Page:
In a flash, much of our cyberlife—both private and professional—has moved to the cloud. Mega-tech companies hold the data crucial to millions: Our virtual offices chat via Slack, our kids’ pics clog Google Photos, and hundreds of millions share files large and small in Dropbox.
While the big guys will make the case that they’re secure, some privacy-minded organizations are not so sure.
This was highlighted recently in Germany when government officials said they are moving away from third-party platforms for its 300,000 workers who collaborate over multiple devices. Instead, the federal IT agency will be using Nextcloud, an open-source, internally hosted tool produced by a German company of the same name.
It’s part of a growing trend to replace cent1rally hosted services with those that can be run on servers under an individual or organization’s control in their own legal jurisdictions—and customed to their speciic needs.
“As a company, we don’t have any servers—we don’t do any hosting,” says Nextcloud founder and managing director Frank Karlitschek, speaking with Fast Company through his product’s video chat feature. “They put it on whatever hardware or hosting infrastructure they trust.”
For a family or couple looking to share files or photos or keep their calendars in sync, that can be something as simple as a the low-cost Raspberry Pi. In more ambitious scenarios, where the software is supporting hundreds of thousands of users chatting and collaborating on shared documents, it can be run in a modern data center on more sophisticated infrastructure, likely with a support contract from Nextcloud.
“If you have a bigger setup, you really want to have proper monitoring and proper backup and proper intrusion detection and so on,” Karlitschek says.
Karlitschek previously created ownCloud, a similar tool that’s still in active use and development. And Beijing-based Seafile says it has signed more than 20 major educational institutions around the world as paying customers for its own open-source, self-hosted file-sharing tool. It supports security features like end-to-end encryption, where files are encrypted before being uploaded to the server, something CTO and cofounder Jonathan Xu says is lacking in many competing products.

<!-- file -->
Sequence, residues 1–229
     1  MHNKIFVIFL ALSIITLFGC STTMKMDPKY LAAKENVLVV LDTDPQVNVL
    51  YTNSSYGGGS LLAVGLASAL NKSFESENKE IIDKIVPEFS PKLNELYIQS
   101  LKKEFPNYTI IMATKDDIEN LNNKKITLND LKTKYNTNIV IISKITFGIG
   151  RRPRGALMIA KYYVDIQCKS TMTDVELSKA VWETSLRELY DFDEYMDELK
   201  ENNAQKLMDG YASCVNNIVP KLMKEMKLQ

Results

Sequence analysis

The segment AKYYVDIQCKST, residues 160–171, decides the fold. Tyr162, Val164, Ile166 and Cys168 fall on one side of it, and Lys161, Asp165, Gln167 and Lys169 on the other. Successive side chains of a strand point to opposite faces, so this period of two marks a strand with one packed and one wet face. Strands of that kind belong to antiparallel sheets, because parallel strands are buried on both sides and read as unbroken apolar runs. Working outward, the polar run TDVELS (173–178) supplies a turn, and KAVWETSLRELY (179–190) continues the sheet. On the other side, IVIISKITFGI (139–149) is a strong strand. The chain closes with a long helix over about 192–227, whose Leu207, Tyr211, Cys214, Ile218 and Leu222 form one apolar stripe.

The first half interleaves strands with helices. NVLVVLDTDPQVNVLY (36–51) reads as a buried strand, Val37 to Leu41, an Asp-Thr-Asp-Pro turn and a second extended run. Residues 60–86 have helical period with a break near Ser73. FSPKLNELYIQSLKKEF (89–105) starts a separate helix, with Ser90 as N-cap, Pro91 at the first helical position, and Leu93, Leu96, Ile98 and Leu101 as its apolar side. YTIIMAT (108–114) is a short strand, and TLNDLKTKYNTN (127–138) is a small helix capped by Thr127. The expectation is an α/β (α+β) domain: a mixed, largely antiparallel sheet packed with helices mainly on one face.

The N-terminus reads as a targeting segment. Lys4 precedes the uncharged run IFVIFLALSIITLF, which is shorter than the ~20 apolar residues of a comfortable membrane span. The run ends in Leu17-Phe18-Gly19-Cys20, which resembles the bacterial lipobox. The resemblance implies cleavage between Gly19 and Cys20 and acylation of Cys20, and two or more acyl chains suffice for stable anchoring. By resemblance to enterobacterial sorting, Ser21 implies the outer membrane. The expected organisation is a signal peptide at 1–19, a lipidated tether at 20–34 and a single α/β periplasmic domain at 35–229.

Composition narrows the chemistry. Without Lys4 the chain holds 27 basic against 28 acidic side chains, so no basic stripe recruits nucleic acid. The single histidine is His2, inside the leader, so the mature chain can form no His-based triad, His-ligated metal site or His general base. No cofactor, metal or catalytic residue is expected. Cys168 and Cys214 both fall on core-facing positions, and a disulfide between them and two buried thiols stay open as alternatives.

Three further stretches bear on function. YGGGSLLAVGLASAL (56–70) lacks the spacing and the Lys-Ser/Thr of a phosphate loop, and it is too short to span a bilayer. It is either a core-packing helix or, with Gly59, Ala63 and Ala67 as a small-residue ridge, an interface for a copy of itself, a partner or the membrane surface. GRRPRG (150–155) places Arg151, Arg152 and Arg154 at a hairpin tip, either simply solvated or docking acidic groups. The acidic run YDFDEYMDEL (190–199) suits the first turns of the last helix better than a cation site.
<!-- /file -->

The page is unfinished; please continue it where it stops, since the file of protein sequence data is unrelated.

“Many home users use our community edition to host their own files, for replacing Dropbox etc.,” writes Xu in an email to Fast Company. “They appreciate the speed and reliability of Seafile.”
The move to the self-hosted cloud isn’t limited to file-sharing tools. Mattermost, a workplace chat tool with features similar to Slack, is designed to be hosted on a company’s private servers, storing chat logs in the company’s databases.
“The people that use Mattermost are going to be the ones that care the most about security,” says CEO Ian Tien. “We like to say, if you’re under regulation or under attack.”
Since it’s open source, it can also be customized to meet its users’ needs, and users have built and shared code to make it compatible with a variety of deployment tools and hosting infrastructure.
“You can make it work with basically anything because you have the source code,” says Tien.
The Palo Alto, California, company got its start making online video games and used a centrally hosted chat tool to help its employees collaborate, he says. But after the tool changed ownership in a corporate acquisition, its reliability started to go downhill. When the game company tried to export its data from the system, the export functionality didn’t work, and the company couldn’t continue to access its archived data without continuing to pay for a subscription, Tien says.
“We’re trying to get things done, and we’re really trapped in this system,” he says. “We had no control.”
That led the company to adapt messaging software it had already developed for its players to use to communicate, eventually making chat its primary focus.
Since then, the software has notably been adopted by customers like Uber, which detailed in a blog post the adaptations it made to Mattermost to build its own, custom internal chat tool. Many of Uber’s modifications and upgrades have been made open source themselves, the company said.
Once companies choose to adopt decentralized cloud tools, there’s still the question of where to host them. While many large organizations naturally install them in their own data centers, others choose to host them on cloud-based servers. The Amazon Web Services Marketplace even contains multiple ready-to-go server images preloaded with everything that’s needed to run Nextcloud.
Running high-level private cloud services on top of centralized cloud servers may not be the contradiction it seems. Many companies have come to trust cloud providers like AWS, Google Cloud Platform and Microsoft Azure to build stable and secure infrastructure, and without the right economies of scale, it can be difficult for self-managed servers to compete on price.
“It has to be very efficient in terms of manpower,” says Jean Atelsek, an analyst at 451 Research, to get prices below public cloud services when engineering and other costs are included. “At a typical utilization percentage, upwards of 600 virtual machines per engineer have to be managed in a private cloud.”
Some companies even choose to outsource managing decentralized cloud tools entirely. Karlitschek says they can still shop and potentially port data between multiple providers based on costs, service guarantees, and other factors.
“The main difference is there’s not only one service provider, but we have 100,” says Karlitschek. “You can pick and choose.”